For the more then 80 volunteers who gathered on a chilly November morning in Sterling Heights the mission to help clean up 30 homes is not just about making their streets look tidy.
The Sterling Heights Initiative for Neighborhood Excellence (SHINE) is a city-wide program aimed at protecting property values. Lawn care, leaf raking, and pruning of bushes for elderly residents, or those with physical or financial hardship, may seem simple steps towards a city’s beautification, but the SHINE volunteers are one of the reasons city manager Mark Vanderpool believes Sterling Heights is maintaining it’s property values.
Last year Sterling Heights was ranked having the fifth-highest property values in Michigan, and the highest property value in Macomb County, according to the Michigan Department of Treasury. City officials say the residential property class has increased overall by 7% since then, and approximately 40% since 2014. Vanderpool points to groups like SHINE and several other initiatives in the city that are contributing to the numbers.
City Manager Mark Vanderpool is proud of the steps Sterling Heights is taking to secure property values.
Since its inception in 2012, the SHINE program has cleaned up more than 400 homes through its bi-annual events. Any property maintenance enforcement or violation issues are run through a local administrative court, rather than the usual district court, which Vanderpool says speeds up resolutions as well.
“We can turn around a piece of problematic property within a matter of weeks,” Vanderpool says. “It minimizes that whole ‘broken window’ theory, if you have a dilapidated property is has a negative effect on an entire area.”
There’s a risk, however, with increasing property values in the city. Vanderpool admits affordability can become a challenge.
One way to deal with this drawback is the development of mixed-use projects, and the city is taking strides to smooth approval processes. The hardest part is construction costs, says economic development manager Luke Bonner.
“It’s a struggle for everyone throughout south-east Michigan,” says Bonner. “But the city has been really proactive with, when appropriate, providing economic incentives, which can help lower costs.”
Senior Economic Development Advisor Luke Bonner says Sterling Heights has seen approximately $2.1 billion in residential, commercial and industrial investments over the past five years.
Vanderpool points to the city’s pro-business attitude as another pillar shoring up property values in the area. With new investment from businesses like BAE Systems, HTI Cybernetics and innovation hubs like the Velocity Collaboration Center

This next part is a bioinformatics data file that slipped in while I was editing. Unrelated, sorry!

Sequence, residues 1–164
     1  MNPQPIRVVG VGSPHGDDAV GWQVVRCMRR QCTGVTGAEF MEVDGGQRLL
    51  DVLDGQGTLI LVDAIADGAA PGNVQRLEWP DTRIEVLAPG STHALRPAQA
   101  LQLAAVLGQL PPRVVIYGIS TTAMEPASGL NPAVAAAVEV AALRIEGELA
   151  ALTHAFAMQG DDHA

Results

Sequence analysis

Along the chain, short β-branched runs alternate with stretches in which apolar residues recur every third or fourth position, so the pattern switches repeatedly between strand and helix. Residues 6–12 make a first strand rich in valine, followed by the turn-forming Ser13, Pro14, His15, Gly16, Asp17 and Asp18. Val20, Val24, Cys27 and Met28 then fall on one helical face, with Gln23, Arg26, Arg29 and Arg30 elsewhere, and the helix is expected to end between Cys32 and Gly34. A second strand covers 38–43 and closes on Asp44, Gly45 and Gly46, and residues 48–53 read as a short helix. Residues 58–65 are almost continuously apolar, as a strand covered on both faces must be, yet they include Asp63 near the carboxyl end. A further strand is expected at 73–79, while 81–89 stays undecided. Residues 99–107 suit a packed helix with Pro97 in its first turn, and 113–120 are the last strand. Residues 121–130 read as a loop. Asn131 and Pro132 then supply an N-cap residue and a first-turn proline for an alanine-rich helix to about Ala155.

, the city currently boasts 65,000 jobs.
“The city, itself, is a job center,” says Bonner. “It’s and easy place to live and to find nearby work.”
It hasn’t always been the case. Coming back from the impact bankruptcy had on employers, such as announced closure of the Fiat Chrysler Automotive (FCA) assembly plant in 2009, has been a difficult task. Vanderpool says the rallying around expected closures, a subsequent automotive task force, and city incentive packages helped save the day.
“Because of that proactive effort, FCA was able to reverse that decision,” says Vanderpool. “Now they have invested billions of dollars.”
Quality of life
It would be difficult to view property values in the city without considering the major updates happening to public spaces through Sterling Heights’ Vision 2030 plan
, one of the reasons the city ranked in the top 10
places in metro Detroit to raise a family last year.
When home-owner Karli Becker and her husband were looking at buying a house in 2017 they were attracted to the quality of life the parks and recreation plans for the city.
“Houses are fairly priced and affordable,” says Becker. “Especially for younger couples who are just starting out their careers and working on financial stability.”
Becker was impressed with the family-friendly neighborhoods. “While house searching, we saw family’s on bike rides and lemonade stands, and sidewalks throughout most neighborhoods.”
Police Chief Dale Dwojakowski has been awarded for his efforts to increase the diversity of the Sterling Heights police force.
For Sterling Heights Mayor Michael Taylor, the city’s recent ranking as one of the safest in Michigan
is another key reason residents choose to invest. The city was ranked in the FBI’s 2018 annual report as the safest Michigan city with a population of more than 100,000, in both property crime and violent crime, as well as safest overall.
“We’ve always known the Sterling Heights Police Department is a first-class organization, but it’s always great to see the results of their exemplary police work backed up by hard data,” says Taylor.
Police Chief Dale Dwojakowski says he couldn’t be prouder of his department and the city’s residents.
“It truly is a collaborative effort between the remarkable, relentless men and women of the Sterling Heights Police Department and our residents, business representatives and city officials who support and encourage us to continue to strive for excellence in protecting the citizens of this great city,” says Dwojakowski.